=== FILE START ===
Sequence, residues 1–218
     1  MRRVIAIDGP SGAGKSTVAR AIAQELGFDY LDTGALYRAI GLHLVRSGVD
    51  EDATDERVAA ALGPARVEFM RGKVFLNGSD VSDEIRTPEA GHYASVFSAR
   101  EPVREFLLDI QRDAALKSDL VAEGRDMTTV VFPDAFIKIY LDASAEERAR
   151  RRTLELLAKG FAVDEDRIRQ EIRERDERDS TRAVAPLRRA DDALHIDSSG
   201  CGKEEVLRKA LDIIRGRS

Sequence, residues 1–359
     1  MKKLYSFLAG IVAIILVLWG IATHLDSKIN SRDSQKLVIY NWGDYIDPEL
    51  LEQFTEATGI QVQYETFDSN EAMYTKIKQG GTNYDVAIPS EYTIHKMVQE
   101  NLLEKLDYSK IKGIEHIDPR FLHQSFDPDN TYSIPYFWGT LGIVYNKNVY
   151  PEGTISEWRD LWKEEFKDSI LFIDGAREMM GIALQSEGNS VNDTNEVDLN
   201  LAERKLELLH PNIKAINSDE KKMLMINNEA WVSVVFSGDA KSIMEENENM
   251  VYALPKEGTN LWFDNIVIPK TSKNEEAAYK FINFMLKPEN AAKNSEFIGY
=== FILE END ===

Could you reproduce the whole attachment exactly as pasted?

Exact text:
Sequence, residues 1–218
     1  MRRVIAIDGP SGAGKSTVAR AIAQELGFDY LDTGALYRAI GLHLVRSGVD
    51  EDATDERVAA ALGPARVEFM RGKVFLNGSD VSDEIRTPEA GHYASVFSAR
   101  EPVREFLLDI QRDAALKSDL VAEGRDMTTV VFPDAFIKIY LDASAEERAR
   151  RRTLELLAKG FAVDEDRIRQ EIRERDERDS TRAVAPLRRA DDALHIDSSG
   201  CGKEEVLRKA LDIIRGRS

Sequence, residues 1–359
     1  MKKLYSFLAG IVAIILVLWG IATHLDSKIN SRDSQKLVIY NWGDYIDPEL
    51  LEQFTEATGI QVQYETFDSN EAMYTKIKQG GTNYDVAIPS EYTIHKMVQE
   101  NLLEKLDYSK IKGIEHIDPR FLHQSFDPDN TYSIPYFWGT LGIVYNKNVY
   151  PEGTISEWRD LWKEEFKDSI LFIDGAREMM GIALQSEGNS VNDTNEVDLN
   201  LAERKLELLH PNIKAINSDE KKMLMINNEA WVSVVFSGDA KSIMEENENM
   251  VYALPKEGTN LWFDNIVIPK TSKNEEAAYK FINFMLKPEN AAKNSEFIGY